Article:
In the global credit space, the Markit iBoxx USD Liquid High Yield Index gained 1.54 % over the period. The VIX Index, which measures risk sentiment, traded slightly higher at the end of the quarter at 15.08 from 13.71.
On balance, Emerging Markets credit experienced a strong 2Q19. The J.P. Morgan Emerging Market Bond Spread was flat at 405 bps over the period. 5-Year Credit Default Spreads compressed, including South Africa (-17bps), Russia (-16bps), Brazil (-16bps), China (-13bps), Mexico (-11bps) and Turkey (-10bps).
Over the quarter, the rand appreciated against most of the major currencies, including the British pound (+5.4%), the Australian dollar (+3.9%), the US dollar (+2.86%), the Euro (+1.5%) and the Japanese yen (+0.15%).
SA headline inflation for May printed slightly higher at 4.5% (previously 4.4%), mainly due to the effect of higher food and non-alcoholic beverages (NAB) inflation. Food and NAB inflation rose to 3.2% y/y in May from 2.9% in April. Meat prices continued to normalise slowly, printing at -0.9% y/y (previously -1.2%). Fuel price inflation was down to 11.6% y/y (previously 12.0%). The base effects from the large fuel price hikes last year are strong enough to deliver lower year-on-year fuel inflation in the coming months. Core inflation remained unchanged at 4.1%. Headline inflation is expected to remain within the 3 - 6% target range.
The South African Reserve Bank (SARB) kept rates on hold at 6.75% as expected. Two MPC members preferred an interest rate cut, while three voted to keep the rate on hold. The QPM now projects one interest rate cut during 1Q20 (previously a hike in 4Q19). The inflation projection was decreased to 4.5% in 2019 (from 4.8%), 5.1% in 2020 (from 5.3%) and 4.6% in 2021 (from 4.7%). The growth expectations for 2019 was lowered to 1.0%, with 2020 and 2021 stable at 1.8% and 2.0% respectively. The probability of an interest rate cut over the next 12 months has consequently increased meaningfully.
S&P kept SA's local and foreign currency rating at sub-investment grade and maintained the outlook as stable on the 24th of May. The agency however stated that 'overall reform efforts are likely to be lacklustre and unlikely to be significant enough to drive strong GDP growth.' This announcement was shortly followed by the news that Eskom's CEO Phakamani Hadebe has resigned, citing health reasons, as investors await the announcement of a balance sheet restructuring and the release of the FY18/19 financial results.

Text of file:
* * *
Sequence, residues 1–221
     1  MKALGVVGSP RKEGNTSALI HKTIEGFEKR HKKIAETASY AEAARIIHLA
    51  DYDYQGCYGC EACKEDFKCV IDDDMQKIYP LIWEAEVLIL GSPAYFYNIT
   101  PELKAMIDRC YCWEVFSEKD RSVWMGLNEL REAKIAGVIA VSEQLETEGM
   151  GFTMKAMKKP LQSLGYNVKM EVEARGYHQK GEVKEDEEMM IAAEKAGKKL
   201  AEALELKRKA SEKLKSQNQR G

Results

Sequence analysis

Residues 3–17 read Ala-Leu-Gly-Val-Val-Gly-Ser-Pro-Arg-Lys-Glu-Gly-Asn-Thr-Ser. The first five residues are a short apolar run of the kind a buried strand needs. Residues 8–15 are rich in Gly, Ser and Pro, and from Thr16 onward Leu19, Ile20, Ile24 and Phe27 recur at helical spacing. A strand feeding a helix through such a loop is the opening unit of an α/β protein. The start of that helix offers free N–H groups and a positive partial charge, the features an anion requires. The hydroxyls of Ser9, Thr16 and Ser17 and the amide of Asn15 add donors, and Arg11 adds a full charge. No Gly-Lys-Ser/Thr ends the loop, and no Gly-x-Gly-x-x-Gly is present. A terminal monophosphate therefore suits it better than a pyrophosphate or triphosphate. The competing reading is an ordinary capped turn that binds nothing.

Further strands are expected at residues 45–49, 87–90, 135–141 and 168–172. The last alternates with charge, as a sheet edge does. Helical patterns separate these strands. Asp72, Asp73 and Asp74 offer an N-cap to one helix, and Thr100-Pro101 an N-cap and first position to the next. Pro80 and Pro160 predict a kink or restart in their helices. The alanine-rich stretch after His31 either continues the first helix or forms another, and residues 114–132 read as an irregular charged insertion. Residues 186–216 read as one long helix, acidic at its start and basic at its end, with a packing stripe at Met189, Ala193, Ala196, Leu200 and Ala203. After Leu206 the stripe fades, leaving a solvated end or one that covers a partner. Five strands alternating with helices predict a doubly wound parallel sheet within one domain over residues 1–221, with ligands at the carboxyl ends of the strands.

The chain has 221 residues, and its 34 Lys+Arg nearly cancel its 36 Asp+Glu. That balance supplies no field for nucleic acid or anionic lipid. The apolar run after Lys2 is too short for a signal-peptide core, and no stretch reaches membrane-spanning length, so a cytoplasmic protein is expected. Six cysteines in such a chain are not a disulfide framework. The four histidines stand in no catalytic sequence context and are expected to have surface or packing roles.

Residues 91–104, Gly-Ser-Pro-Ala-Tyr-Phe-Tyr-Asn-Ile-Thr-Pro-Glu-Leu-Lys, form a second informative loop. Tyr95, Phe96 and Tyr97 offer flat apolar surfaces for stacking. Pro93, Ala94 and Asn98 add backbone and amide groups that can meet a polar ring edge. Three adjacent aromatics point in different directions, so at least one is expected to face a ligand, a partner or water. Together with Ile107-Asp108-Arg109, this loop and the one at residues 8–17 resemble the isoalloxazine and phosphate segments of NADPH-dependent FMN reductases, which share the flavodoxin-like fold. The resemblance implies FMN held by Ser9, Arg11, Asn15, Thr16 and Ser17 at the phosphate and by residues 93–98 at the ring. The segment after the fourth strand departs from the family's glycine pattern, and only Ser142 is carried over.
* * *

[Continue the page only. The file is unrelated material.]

The SA trade balance surprised to the upside by posting a surplus of R1.7bn (from R3.5bn deficit in April), better than consensus of R0.7bn. The surplus was driven by an increase in exports, specifically metals and stones, machinery and electronics, and chemicals. The deterioration in the SA budget partially reversed as the budget deficit shrank to -R17.5bn from -R63.5bn in April. Despite the uptick in the figure, the underlying detail is still concerning: total revenue collection YTD was 12.17% of February Budget estimates, compared to 12.20% the previous year. Total expenditure incurred YTD was 15.20%, compared to just 14.40% the previous year. Financially distressed SOEs will continue to put pressure on the budget, holding fiscal expenditure at elevated levels.
The first quarter GDP contracted 3.2% q/q (consensus expected -1.6% q/q) seasonally adjusted and annualised, from 1.4% q/q in 4Q18, due to a surprising decline in the agricultural output (-13.2%) as well as a broad-based weakness in the economy. Most of the weakness is believed to be from power cuts in the first quarter. Consensus and the World Bank's 2019 growth forecast for SA is at 1.1%. The quarter presented opportunities for tactical duration positioning which contributed positively to the fund's performance. The fund maintained duration at 0.37 years (from 0.39 years) over the quarter, whilst increasing the gross running yield to 9.38% from 9.29%.
The fund aims to enhance total return through value opportunities that, on a riskadjusted basis, achieve or exceed our objective of Cash (STeFI Call Deposit) +2.0%.
  • Fund focus and objective  
The portfolio will invest across the full spectrum of income generating assets including interest bearing securities (including, but not limited to bonds, convertible bonds, debentures, corporate debt, cash deposits and money market instruments) as well as inflation-linked bonds, corporate bonds, listed property, and preference shares. The portfolio will be actively managed with exposure to various asset classes to reflect changing economic and market circumstances, in order to maximise returns to investors. For efficient portfolio management purposes, the Manager may invest in financial instruments (listed and unlisted derivatives) allowed by the Act in order to achieve its investment objective.
The portfolio will also invest in participatory interests and other forms of participation in portfolios of collective investment schemes, registered in South Africa and other similar schemes operated in territories with a regulatory environment which is to the satisfaction of the Manager and Trustee of a sufficient standard to provide investor protection at least equivalent to that in South Africa and which is consistent with the portfolio's primary objective.
This portfolio will be managed in accordance with the regulations governing pension funds.
The Manager is permitted to invest on behalf of the portfolio in offshore investments as permitted by legislation.